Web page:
While it is certainly true that "some blogs" ran with the story, Emanuel conveniently ignores his own network's role in promoting it. Here's Fox News' website Fox Nation:
Another outlet that picked it up was Glenn Beck's cutting edge video blog that airs every night on Fox News from 5-6:
"Some blogs" can be pretty irresponsible.
Yesterday, The Washington Post published a falsehood-laden op-ed on climate change from noted climatologist...Alaska Governor...uh, social network celebrity Sarah Palin. In an interview with Editor and Publisher's Joe Strupp, op-ed editor Autumn Brewington explained how Palin's piece came to appear in the paper, and defended the decision to run it:
She said the newspaper received an e-mail from Palin Tuesday asking to write about the issue and it decided it should run Wednesday, before President Barack Obama was to head to the United Nations Climate Change Conference in Copenhagen.
"If we were going to use it, we had to use it immediately," Brewington said. "It was a quicker turnaround than is often the case. But we made the decision based on news."
Brewington did not regret giving Palin space, noting, "She is someone who stirs discussion and we are in the business of putting out opinion. She reached out to us."
A few things come to mind in response to this. Considering Palin's history of falsehoods, rushing her piece through the editorial process was probably not the best idea. As Media Matters research director Jeremy Schulman pointed out on Wednesday, not only were Palin's falsehoods contradicted by scientists and temperature data, but also by the Washington Post's own reporting.
Also, the idea that Palin's thoughts are worth publishing for no other reason than she "stirs discussion" suggests that The Washington Post is more interested in getting attention than informing its readers. Does Palin have an open invitation to write ill-informed pieces on newsworthy issues just because she "stirs discussion?" How about a piece about Barack Obama's birth certificate? Actually, I don't think I want to know the answer to that.
Yesterday, under the headline "Hard Questions," Josh Marshall framed the recent "Climategate" kerfuffle perfectly:
Who to believe on climate change mystery: scientists or conservative pundits? Any thoughts?
WaPo answers: That depends - how many clickthroughs will these "scientists" get us?
Today on Lou Dobbs' radio show, Newsbusters' Candance Moore echoed Glenn Beck's up-is-down conspiracy theory that the Obama administration's support for net neutrality amounts to a plot to "control the internet."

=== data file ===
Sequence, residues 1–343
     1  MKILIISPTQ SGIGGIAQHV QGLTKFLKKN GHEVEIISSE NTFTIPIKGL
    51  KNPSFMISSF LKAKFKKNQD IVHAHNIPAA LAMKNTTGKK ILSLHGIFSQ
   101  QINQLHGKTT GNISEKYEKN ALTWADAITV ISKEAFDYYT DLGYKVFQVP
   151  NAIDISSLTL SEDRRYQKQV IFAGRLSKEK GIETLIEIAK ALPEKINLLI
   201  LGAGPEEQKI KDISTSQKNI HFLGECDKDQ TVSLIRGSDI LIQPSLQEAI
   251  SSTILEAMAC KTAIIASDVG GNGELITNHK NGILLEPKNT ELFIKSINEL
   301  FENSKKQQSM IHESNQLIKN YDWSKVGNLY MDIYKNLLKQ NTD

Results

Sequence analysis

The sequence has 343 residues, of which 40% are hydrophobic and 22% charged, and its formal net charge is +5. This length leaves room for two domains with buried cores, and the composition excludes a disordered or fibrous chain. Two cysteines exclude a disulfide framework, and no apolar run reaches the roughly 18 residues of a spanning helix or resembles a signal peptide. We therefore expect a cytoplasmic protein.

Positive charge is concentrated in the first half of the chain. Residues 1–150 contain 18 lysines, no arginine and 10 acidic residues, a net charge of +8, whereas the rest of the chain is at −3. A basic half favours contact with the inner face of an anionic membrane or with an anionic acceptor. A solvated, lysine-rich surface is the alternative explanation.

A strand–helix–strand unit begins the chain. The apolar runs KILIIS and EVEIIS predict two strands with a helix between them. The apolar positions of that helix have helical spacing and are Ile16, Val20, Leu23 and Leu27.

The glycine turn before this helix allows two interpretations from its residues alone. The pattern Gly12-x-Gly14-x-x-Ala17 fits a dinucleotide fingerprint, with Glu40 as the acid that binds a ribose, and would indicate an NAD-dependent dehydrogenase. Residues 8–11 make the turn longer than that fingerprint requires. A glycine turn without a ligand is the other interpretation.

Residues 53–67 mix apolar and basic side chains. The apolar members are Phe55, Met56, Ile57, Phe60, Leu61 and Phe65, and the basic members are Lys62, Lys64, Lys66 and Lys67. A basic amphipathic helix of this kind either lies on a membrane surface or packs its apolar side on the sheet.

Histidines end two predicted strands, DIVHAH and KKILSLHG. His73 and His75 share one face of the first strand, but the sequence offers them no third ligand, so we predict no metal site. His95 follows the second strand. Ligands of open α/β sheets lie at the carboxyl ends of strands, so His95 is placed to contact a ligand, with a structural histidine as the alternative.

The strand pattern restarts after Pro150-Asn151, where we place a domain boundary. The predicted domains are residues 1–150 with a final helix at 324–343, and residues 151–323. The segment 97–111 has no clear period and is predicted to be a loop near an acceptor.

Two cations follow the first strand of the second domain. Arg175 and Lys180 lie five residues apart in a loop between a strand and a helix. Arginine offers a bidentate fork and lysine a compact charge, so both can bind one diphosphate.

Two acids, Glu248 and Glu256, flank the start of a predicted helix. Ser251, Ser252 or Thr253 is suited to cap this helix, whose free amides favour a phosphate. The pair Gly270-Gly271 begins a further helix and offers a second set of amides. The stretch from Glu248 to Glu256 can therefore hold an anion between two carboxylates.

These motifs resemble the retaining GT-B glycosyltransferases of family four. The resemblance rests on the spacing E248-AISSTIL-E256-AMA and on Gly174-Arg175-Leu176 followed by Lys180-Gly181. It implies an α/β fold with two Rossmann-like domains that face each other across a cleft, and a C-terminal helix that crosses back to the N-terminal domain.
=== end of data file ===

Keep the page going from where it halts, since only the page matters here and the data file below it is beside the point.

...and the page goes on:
As we've pointed out before, this is patently absurd.
[N]et neutrality -- which was the law of the land from the creation of the Internet until 2005, and which ensured that Internet Service Providers were not able to control content -- has been cited by numerous Internet pioneers as the guiding principle in Internet development and innovation.
To recap: Beck and Moore's logic pretzel transforms legislation that prevents ISPs from exerting any control over content into a plot to control content. Aside from being a laughable attempt to smear any and all Obama administration initiatives, Moore just indicated that her boss supports a nefarious plot to "control the internet."
Newsbusters is the blog of Media Research Center, which was started by Brent Bozell. One of the most prominent advocates of net neutrality is Save the Internet, a group of oranizations "working together to urge Congress to preserve Net Neutrality." Charter members include Free Press, the Christian Coalition, and the Parents Television Council. The founder of the Parents Television Council? Brent Bozell.
Sometimes they make it too easy for us. I wonder if they'll discuss this at the next staff meeting.
Conservative blogger JammieWearingFool, 2008 Weblog Award Winner for "Best Big Blog," today confirms that at least one-third of his name is accurate.
In a post titled "Was Alan Grayson Really a Mental Patient?" he excerpts at length and links to a post titled "Congressman Grayson Briefly Spent Time in Mental Hospital in 1980s" at the blog Right Handed Pitcher. The post alleges that Grayson "spent four days in the Psychiatric Institute of Washington," and that he "was extremely combative with fellow employees, including slapping a female intern in the face."